The value of new construction starts climbed 12 percent in October to a seasonally adjusted annual rate of $447.6 billion, according to McGraw-Hill Construction, a division of The McGraw-Hill Companies.
The upward push came from double-digit gains for nonresidential building and nonbuilding construction (public works and electric utilities). At the same time, residential building in October was unchanged from its September pace. Through the first 10 months of 2009, total construction on an unadjusted basis came in at $350.1 billion, down 29 percent from the same period a year ago.
The October statistics lifted the Dodge Index to 95, up from 84 in September, and the highest level so far in 2009. The Dodge Index had fallen to 80 in February 2009 and since then has registered improvement, although the October reading was still 19 percent below the full-year 2008 average for the index at 117.
"After bottoming out in early 2009, there's been an up-and-down pattern for construction starts, with a gradual upward trend beginning to emerge," says Robert A. Murray, vice president of economic affairs for McGraw-Hill Construction. "Single family housing is no longer pulling down the overall level of construction activity and transportation-related public works has strengthened, helped by the federal stimulus funding.
"For nonresidential building, much of 2009 has been characterized by a steep loss of momentum, so October's gain represents a departure from recent experience. It suggests that nonresidential building is beginning to make the transition from steady decline to a more varied pattern, which signifies the trend is shifting to a slower rate of descent going into 2010. On a cautionary note, the nonresidential building market is still looking at several major constraints going forward - rising vacancies, tight bank lending standards and the weakened fiscal health of state and local governments."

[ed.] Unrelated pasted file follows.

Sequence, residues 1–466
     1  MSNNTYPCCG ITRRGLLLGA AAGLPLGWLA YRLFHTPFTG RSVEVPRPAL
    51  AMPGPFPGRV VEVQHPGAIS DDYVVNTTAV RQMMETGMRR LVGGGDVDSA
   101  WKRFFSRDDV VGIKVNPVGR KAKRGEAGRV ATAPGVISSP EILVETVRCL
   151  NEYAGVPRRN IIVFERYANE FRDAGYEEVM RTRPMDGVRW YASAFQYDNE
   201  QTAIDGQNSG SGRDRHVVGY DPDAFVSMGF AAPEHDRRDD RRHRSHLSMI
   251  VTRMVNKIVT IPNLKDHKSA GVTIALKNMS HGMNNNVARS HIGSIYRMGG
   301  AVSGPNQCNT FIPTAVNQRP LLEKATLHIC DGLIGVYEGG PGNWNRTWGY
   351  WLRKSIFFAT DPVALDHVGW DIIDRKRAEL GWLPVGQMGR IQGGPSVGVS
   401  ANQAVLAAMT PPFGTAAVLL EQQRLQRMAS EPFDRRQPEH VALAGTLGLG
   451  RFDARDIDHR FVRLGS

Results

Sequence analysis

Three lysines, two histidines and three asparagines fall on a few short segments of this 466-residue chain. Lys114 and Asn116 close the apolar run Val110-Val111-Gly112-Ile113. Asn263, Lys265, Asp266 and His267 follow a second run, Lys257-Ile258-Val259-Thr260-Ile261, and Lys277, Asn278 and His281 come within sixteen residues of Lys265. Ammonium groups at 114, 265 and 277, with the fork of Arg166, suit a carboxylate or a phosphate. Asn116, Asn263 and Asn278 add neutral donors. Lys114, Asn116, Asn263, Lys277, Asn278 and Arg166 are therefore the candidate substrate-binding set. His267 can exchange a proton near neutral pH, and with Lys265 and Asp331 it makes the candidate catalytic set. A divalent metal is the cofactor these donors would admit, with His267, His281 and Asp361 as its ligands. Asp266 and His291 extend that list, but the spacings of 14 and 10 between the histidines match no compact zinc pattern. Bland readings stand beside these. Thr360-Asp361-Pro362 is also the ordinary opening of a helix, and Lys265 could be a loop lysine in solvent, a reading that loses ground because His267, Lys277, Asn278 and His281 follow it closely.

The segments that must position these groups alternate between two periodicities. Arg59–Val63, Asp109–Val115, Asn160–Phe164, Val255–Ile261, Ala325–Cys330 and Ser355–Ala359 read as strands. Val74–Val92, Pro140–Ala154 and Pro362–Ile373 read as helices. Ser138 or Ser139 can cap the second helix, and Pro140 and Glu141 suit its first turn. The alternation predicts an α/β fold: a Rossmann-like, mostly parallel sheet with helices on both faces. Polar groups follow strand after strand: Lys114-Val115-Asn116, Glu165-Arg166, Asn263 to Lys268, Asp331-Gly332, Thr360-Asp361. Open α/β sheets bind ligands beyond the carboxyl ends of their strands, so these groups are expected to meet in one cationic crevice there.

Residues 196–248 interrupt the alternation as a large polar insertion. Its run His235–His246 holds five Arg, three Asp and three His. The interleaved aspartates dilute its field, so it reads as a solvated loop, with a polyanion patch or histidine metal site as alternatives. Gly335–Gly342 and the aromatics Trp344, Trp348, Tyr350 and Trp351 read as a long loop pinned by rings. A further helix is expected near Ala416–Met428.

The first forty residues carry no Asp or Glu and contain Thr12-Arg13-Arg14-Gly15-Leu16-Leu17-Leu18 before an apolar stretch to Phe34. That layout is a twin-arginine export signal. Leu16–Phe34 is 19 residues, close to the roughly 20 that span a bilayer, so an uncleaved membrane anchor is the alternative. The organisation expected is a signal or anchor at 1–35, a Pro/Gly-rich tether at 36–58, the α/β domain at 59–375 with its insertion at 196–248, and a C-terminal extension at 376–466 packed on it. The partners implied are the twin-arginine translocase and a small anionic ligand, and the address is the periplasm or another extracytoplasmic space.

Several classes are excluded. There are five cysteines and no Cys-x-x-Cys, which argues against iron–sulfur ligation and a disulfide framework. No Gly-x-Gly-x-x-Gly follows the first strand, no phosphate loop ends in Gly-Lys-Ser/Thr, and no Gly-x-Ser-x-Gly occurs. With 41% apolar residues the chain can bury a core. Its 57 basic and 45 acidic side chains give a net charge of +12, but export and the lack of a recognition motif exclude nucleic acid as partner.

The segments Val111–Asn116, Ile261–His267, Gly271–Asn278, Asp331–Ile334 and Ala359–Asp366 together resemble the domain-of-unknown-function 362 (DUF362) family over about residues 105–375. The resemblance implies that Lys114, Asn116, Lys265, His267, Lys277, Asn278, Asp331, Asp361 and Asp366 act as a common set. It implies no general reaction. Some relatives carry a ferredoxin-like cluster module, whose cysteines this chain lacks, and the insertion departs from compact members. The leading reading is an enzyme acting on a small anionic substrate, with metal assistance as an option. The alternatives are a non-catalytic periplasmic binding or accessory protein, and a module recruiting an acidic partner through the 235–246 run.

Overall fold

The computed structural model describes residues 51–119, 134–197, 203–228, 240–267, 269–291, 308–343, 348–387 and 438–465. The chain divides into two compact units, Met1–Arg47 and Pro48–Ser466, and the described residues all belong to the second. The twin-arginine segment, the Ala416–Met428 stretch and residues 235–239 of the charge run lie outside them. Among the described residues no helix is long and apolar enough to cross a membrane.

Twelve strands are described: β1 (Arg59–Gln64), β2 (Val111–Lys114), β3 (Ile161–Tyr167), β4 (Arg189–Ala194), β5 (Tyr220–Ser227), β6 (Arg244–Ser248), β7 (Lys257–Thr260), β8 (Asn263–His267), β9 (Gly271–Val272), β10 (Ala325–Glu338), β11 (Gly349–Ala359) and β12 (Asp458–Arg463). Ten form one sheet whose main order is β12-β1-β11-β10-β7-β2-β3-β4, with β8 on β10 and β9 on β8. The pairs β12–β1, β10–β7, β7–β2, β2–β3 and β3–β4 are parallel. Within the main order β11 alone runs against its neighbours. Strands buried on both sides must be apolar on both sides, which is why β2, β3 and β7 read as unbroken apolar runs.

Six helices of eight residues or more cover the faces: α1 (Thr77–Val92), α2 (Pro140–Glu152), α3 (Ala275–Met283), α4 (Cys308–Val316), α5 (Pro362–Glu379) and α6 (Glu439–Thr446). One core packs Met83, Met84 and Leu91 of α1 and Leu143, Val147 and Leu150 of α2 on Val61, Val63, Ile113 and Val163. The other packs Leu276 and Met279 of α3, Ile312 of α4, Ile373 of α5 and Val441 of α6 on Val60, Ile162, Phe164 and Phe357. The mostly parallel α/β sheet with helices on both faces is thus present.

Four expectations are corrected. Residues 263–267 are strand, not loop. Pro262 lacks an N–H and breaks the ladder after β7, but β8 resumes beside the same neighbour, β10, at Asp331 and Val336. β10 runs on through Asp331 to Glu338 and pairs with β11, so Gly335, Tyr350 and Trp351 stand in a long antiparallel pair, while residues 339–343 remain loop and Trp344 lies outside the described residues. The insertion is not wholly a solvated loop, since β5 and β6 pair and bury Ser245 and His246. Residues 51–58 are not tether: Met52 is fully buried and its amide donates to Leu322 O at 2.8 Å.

Residential building, at $127.8 billion (annual rate) in October, was essentially unchanged from the prior month. Single-family housing slipped back 2 percent, marking the first decline after six straight months of gains.
By region, single-family housing showed diminished activity in the South Atlantic (down 7 percent), the Northeast (down 2 percent), and the South Central (down 1 percent), while the Midwest and West were unchanged.
October's pace for single-family housing, while 49 percent above the extremely depressed amount reported at the start of 2009, was still 11 percent below the monthly average for full-year 2008.
Multifamily housing in October advanced 20 percent from a very weak September.
For information, visit www.dodge.construction.com/analytics.